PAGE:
(Image: Fault code report)When we got back to the shop, I asked him if he had any "fix it in a can" for me as a first cut solution, and he handed me a bottle of "BMW Engine Treatment", essentially Chevron's Techron additive relabled. Apparently, this stuff was originally developed for BMW as a cure-all for various gasoline-quality related ills of the 1980's. The stuff is supposed to dissolve carbon deposits in the injectors and serve as a general fuel system detergent. But, the downside to it is that, over time, it eats fuel lines, which is why you don't see it formulated in pump gasoline. Strangely, this stuff is $5+ a bottle in the store under the Techron name, but $2 in BMW garb. The "price was right (read: free)" today, as was my mechanic's precious time, so I walked away that day pretty happy, with an understanding that we'd have to let it get worse before we could attempt to solve the problem. I thanked him for his time and went to work.

Over the next several days, the misfire problem seemed to get better, but it still occurred occasionally when I'd stop at a light and then press on the gas lightly. The misfires seemed to happen up to around 2500RPM and then it would smooth out. Full throttle starts were never a problem. The check engine light never went on, so I just figured I'd wait until the next scheduled service in 3000 miles and sort it out then.

I had just completed the washing ritual one Sunday when I hopped in the car to put it to bed for the night. I turned the key and the car just turned over, but didn't start. I tried again. No dice. I then applied a bit of throttle and it started, so I let off the throttle...and it died again. After some experimenting, I figured out the car would run, but only if I held the throttle at a level that produced an idle -- strangely enough, I could control the RPM to a point far below a normal idle (believe it or not, the car idles smoothly as low as 300 RPM, but I digress...). The second I released the throttle, the engine would die stone cold. Of course, I couldn't drive it this way -- if the engine died, I'd not only lose my power steering and brakes, but since you have to turn the key off before you can turn it to the START position again, I'd very likely lock the wheel and lose my ability to steer. Not good when you're staring down a telephone pole.

So, I called for a flatbed early the next morning and they showed up about an hour later with a fork-type towtruck. I called the company manager and said "WTF, I asked for a flatbed." He then gave me some excuse about "you called before 8AM and the previous shift manager, bla bla bla...and we don't have any flatbeds right now". "Okay", I said. "This guy fucks up my car and you'll be hearing from my attorney".

Fortunately, the driver turned out to have three years of experience in towing (which is like dog years in that business I would imagine), and was pretty knowledgeable about towing BMWs and Mercedes. He said that it's totally safe to tow a BMW with a fork-type towtruck (and in fact it takes a lot less time to prep), but it must pulled backward by the rear wheels. You need to lock the steering wheel and keep it in park. If you try to drag the rear with the tranny in neutral, apparently you can burn out the fricton plates (what friction plates, you ask? don't ask me...I'm not a transmission expert, but they're probably the same plates that can get screwed up if you sit in traffic for extended periods of time with the tranny in neutral or do lots of shifting between N-D-R and back again. Another point -- if they tow with a flatbed, make sure they pull the vehicle up onto the bed with the tow hook...don't let them hook on to any part of the undercarriage. BMWs (particularly the E46) have some soft frame parts that can be damaged by the hook.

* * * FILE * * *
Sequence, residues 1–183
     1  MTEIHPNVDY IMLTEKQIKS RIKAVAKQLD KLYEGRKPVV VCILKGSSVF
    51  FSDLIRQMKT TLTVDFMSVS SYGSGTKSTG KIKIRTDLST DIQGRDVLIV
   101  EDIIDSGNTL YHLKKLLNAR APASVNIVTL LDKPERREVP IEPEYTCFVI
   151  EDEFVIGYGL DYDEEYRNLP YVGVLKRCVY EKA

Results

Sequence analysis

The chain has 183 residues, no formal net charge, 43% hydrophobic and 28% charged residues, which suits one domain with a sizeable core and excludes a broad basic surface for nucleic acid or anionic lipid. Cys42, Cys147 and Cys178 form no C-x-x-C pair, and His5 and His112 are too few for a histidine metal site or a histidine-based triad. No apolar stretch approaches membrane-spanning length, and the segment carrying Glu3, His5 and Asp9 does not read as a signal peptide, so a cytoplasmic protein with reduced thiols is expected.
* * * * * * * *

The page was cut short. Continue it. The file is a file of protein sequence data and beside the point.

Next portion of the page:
In any case, $75 later, my car arrived at my dealer safe and sound.

(Image: Idle Valve)I told my mechanic about the problem and he suggested it was likely an idle control valve. This is an electromechanical valve that controls the volume of air entering the intake at roughly 20% throttle and below. There are two sets of variable resistance contacts...one that ultimately serves to close the valve, and another to open it. Under normal conditions, the two forces balance each other out and produce a smooth idle. However, if one set fails (they typically go to high resistance), the valve closes (or sticks) and the engine will either run roughly or not at all. Hmmmm...I thought...where have I seen that before...

When he had the car in the bay, he remembered our test drive and checked the DME for fault codes and found that the number 6 cylinder had reported a misfire. I had no idea that they could report a misfire in this way, but apparently they use the crank sensor to measure crankshaft acceleration and can tell by the power pulses (or lack of same) which cylinder misfired. Pretty neat. In any case, he pulled the #6 plug and found the center electrode slightly recessed (and on these platinum plugs they are supposed to be flush with the surrounding insulator). He happend to catch me the next day as I was swapping loaner cars (long story), and he said that it indeed needed an idle valve, and he recommended that we replace all plugs. I told him to go ahead.

I drove the car home today with a smooth idle and no apparent ill effects. Guess we'll have to wait and see. Thanks to my mechanic for saving the parts and taking the time to print a hard copy of the DME fault code report for me...not something he normally does, but he knows I'm interested in the details (and yea, he knows pictures of everything will show up here) :-)

Total Parts, $200, Labor (3.5 hours), $300. Towing, $75, for a grand (almost) total of $575. Total mileage, 68800.